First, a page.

Radicalisering van corporate governance-regelgeving: remuneratie en transparantie na de wet van 6 april 2010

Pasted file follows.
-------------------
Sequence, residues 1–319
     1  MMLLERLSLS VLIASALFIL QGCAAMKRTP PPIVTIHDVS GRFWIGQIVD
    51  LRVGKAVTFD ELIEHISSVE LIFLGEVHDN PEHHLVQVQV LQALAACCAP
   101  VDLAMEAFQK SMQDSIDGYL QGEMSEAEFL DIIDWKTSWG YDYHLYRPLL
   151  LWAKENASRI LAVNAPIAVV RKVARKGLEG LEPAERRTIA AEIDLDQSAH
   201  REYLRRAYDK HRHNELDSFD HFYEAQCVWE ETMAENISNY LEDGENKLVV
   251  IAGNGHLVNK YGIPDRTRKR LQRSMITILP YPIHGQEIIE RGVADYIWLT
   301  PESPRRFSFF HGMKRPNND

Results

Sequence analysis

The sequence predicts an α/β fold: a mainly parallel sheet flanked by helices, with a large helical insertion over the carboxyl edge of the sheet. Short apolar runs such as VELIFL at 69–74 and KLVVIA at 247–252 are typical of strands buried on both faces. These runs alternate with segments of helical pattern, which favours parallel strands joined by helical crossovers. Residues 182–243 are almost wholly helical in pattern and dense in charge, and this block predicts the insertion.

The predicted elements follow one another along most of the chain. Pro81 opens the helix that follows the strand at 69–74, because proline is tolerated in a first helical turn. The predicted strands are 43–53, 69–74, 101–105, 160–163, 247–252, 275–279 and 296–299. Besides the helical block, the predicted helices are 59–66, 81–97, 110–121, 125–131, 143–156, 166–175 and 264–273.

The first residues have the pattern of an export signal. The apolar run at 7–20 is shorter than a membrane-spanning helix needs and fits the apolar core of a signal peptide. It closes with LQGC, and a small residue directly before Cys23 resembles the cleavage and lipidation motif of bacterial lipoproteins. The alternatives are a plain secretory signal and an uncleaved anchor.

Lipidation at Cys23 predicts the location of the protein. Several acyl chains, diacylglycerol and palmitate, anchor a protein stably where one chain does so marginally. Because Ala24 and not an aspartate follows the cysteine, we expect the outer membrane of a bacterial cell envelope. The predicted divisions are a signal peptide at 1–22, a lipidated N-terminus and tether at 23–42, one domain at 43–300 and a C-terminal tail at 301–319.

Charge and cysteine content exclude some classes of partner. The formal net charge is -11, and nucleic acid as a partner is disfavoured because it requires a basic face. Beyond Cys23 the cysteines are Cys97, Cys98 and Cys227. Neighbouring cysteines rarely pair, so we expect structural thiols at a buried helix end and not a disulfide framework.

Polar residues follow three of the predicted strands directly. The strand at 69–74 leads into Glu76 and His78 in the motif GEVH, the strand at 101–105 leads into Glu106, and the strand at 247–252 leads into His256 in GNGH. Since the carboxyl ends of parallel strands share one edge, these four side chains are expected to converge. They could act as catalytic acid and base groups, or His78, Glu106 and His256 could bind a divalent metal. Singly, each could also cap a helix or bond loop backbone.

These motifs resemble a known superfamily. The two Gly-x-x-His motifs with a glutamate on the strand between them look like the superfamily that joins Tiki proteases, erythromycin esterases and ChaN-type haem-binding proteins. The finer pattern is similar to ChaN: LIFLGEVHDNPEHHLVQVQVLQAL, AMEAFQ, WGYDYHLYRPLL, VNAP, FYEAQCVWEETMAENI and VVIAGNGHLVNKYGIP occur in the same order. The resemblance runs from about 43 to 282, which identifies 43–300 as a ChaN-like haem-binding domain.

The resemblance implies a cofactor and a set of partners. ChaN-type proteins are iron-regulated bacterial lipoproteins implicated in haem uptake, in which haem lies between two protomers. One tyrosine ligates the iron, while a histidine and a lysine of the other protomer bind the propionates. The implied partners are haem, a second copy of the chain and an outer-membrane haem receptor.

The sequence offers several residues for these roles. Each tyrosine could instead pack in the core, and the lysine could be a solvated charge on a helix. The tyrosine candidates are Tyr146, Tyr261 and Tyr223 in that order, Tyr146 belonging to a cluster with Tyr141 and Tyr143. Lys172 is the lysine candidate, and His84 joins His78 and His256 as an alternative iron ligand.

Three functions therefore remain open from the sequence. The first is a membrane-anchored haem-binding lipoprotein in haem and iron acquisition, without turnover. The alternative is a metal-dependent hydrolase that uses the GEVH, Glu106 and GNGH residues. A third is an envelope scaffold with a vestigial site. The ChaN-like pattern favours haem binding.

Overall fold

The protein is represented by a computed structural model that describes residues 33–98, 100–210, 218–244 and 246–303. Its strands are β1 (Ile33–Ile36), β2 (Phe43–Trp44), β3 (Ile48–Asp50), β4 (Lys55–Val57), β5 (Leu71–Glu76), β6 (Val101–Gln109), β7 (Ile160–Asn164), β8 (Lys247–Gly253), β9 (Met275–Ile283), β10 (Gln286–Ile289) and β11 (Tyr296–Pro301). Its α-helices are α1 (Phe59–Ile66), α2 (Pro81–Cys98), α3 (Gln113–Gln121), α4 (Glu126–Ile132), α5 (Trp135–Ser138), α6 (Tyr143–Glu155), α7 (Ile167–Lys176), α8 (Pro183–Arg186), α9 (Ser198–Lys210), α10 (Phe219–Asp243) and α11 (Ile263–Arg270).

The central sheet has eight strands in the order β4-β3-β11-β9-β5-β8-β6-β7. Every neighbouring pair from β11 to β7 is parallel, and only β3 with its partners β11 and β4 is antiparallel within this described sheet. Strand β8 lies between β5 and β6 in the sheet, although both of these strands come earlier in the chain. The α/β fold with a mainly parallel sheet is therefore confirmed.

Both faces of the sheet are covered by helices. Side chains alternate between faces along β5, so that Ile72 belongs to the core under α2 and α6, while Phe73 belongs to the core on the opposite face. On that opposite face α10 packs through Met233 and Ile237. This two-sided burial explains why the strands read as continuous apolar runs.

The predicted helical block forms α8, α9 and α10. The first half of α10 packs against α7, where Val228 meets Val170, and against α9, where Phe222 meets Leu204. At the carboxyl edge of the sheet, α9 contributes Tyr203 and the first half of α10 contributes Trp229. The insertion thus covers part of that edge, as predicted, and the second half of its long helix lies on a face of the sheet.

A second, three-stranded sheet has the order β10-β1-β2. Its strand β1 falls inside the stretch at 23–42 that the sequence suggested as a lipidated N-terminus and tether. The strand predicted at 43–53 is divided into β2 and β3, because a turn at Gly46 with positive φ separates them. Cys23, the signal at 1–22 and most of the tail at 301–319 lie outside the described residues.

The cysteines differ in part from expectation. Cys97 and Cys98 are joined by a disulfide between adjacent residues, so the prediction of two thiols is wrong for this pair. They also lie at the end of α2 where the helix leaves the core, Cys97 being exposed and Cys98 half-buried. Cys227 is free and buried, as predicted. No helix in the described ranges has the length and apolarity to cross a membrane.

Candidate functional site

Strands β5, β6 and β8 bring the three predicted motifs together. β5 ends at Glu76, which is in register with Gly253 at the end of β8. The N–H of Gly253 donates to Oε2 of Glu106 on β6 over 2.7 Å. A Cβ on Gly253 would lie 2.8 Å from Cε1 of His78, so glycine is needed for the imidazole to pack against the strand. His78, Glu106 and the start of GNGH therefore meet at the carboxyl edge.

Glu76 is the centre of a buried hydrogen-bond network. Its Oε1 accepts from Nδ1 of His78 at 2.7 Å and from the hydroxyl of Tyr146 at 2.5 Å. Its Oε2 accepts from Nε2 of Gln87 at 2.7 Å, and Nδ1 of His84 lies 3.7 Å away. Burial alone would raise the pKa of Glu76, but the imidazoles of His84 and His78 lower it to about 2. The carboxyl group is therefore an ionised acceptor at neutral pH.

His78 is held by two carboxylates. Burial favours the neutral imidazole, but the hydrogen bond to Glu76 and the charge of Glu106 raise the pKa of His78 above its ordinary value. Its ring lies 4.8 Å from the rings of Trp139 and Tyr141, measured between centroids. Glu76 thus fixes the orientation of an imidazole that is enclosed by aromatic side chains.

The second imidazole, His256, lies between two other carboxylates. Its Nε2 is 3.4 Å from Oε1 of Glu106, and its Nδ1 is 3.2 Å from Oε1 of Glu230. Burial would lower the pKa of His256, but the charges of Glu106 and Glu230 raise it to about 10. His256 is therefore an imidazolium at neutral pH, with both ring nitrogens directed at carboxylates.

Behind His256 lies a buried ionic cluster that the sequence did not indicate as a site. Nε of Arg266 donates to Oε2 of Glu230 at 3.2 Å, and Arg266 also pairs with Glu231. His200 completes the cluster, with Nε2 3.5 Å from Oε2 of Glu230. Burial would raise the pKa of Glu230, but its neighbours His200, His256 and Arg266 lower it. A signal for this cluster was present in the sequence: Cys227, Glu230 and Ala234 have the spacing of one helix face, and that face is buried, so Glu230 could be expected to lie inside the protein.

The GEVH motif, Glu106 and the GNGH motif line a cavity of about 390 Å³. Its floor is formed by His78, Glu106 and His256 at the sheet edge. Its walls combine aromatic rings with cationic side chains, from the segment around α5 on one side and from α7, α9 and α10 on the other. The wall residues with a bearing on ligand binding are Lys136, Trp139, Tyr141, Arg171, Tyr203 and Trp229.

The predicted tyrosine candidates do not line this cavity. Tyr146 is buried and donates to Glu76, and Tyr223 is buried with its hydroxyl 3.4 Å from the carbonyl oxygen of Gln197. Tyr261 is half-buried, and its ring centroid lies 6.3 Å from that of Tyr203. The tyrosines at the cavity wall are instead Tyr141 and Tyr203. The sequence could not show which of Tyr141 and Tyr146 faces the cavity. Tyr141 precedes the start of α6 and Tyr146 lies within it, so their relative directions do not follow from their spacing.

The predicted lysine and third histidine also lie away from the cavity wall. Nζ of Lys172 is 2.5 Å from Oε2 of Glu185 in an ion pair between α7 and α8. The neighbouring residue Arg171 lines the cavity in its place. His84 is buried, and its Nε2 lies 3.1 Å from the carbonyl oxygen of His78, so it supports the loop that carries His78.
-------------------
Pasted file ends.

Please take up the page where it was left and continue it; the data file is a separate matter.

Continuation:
This paper analyses the Belgian "Corporate Governance Act" of April 6 2010, which introduces new binding rules on directors' and top executives' remuneration in Belgian listed companies and forces those companies to publish an annual corporate governance report, containing a section on remuneration policies. The Act, clearly motivated by outrage about executive pay in the aftermath of the financial crisis, uses three methods in a (no doubt hopeless) attempt to reduce compensation levels. The first is increased disclosure, including individual disclosure of different parts of remuneration packages for top executives. The second method consists of nudging companies towards better remuneration governance, such as by forcing them to put a remuneration policy on paper and to install a remuneration committee. Thirdly, the most controversial part of the Act introduces rather detailed and hard to apply binding rules on variable compensation (bonuses of all kinds) and termination payments. These will force companies to rewrite existing compensation contracts; executives will have little choice but to agree. As a result of the Act, golden parachutes of more than 12 months worth of remuneration will probably become rare, since the general meeting has to approve them in a binding vote. This Act also is another step in a progressive legislative differentiation between directors based on such factors as independence and expertise which gradually erodes the concept of the truly unitary, collegiate board.